But perhaps operators’ own lack of imagination is limiting the scope of their search for potential vehicle technicians. Just in case, here are two suggestions of where to look for talent.
First is the armed forces, and in particular REME, the Corps of the Royal Electrical and Mechanical Engineers. Recruits, who sign up as teenagers, cut their teeth on solving engineering issues with its huge array of vehicles and leave after a full 22-year career with decades of working life to go. And SOE’s irtec qualification is offered by the Defence School of Electronic and Mechanical Engineering near Chippenham.
Armed forces leavers have access to retraining and resettlement funds to find work in the civil (non-military) world. However, the industry is not helping itself here, as neither of the subsidised training routes include any kind of vehicle engineering. The MOD’s Career Transition Partnership in-house resettlement training centre in Aldershot only offers engineering courses covering building trades, IT and electrical engineering. And there are no vehicle engineering courses on its preferred supplier list of external providers – even though there are two listings for aviation engineering. Perhaps readers should go along and have a look at the employment fairs on offer: Epsom on 7 March, Newark on 27 March, Edinburgh on 25 April, and Bristol on 13 June.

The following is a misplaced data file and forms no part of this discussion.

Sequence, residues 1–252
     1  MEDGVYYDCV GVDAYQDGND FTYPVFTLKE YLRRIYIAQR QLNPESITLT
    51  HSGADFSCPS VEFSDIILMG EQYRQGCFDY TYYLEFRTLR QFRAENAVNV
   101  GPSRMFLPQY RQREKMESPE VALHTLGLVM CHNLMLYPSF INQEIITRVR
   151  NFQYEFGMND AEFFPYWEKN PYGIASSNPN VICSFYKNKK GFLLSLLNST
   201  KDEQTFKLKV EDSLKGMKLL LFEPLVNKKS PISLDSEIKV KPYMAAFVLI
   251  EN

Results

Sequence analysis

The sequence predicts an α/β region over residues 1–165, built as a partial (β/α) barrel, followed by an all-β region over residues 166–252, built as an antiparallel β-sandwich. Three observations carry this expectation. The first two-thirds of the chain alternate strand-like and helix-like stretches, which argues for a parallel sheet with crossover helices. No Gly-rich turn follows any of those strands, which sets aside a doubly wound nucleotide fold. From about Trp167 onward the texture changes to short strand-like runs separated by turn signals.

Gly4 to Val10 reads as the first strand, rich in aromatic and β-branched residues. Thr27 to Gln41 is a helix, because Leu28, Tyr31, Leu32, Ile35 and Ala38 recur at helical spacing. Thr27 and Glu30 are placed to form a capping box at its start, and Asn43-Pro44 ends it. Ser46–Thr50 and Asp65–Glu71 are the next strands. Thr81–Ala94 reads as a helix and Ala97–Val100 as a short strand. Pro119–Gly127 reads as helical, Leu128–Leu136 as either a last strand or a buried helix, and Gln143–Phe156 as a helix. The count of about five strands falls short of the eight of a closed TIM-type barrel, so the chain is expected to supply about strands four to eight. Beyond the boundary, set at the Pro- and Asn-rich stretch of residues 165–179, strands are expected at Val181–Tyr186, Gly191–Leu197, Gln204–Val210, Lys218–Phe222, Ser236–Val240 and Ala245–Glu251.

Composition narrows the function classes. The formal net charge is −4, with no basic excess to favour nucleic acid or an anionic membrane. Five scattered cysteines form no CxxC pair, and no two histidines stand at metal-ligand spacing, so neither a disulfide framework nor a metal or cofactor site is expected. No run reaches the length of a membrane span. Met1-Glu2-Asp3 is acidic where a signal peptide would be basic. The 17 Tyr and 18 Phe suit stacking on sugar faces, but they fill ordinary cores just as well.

Another potential source of motivated workers for at least semi-skilled jobs is the long-term unemployed and those with barriers to work. For example, civil engineering firm Story Contracting recently offered a full-time contract to one such candidate, as a general operative at the Govan train depot of Glaswegian subway operator SPT, following work experience and a three-month trial. Robert Craig, construction manager for Story Scotland, says: “We are committed to employability in Scotland and helping those who have gone through a difficult patch to get back into work. This process takes time and it doesn’t happen overnight, but it is certainly worth the investment.”
Story works with non-profit rehabilitation organisation Apex Scotland to pre-qualify and train potential recruits. Although that organisation only operates north of the border, similar organisations in England include Novus and London’s Switchback, as well as regional Community Rehabilitation Companies.
The last word goes to Story’s new recruit, Eddie Kimmins, who is only 31. He had this to say about his placement: “This has been a real boost, a fresh start for me. I’m determined to turn my life around after being out of work for so long. There’s been so little opportunity for me, so when this came along I jumped at it.”